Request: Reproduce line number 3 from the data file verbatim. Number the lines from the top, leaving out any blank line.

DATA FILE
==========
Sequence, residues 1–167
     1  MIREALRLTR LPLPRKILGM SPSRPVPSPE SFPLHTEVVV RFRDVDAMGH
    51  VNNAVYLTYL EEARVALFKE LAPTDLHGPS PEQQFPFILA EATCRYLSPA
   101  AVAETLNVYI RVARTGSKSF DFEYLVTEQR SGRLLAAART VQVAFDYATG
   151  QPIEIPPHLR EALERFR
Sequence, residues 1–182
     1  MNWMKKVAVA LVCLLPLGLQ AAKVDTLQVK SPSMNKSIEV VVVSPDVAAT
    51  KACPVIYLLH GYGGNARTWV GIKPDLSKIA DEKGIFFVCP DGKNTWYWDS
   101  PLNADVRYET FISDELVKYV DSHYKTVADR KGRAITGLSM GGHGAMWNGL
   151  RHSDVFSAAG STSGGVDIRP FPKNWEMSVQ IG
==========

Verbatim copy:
    51  VNNAVYLTYL EEARVALFKE LAPTDLHGPS PEQQFPFILA EATCRYLSPA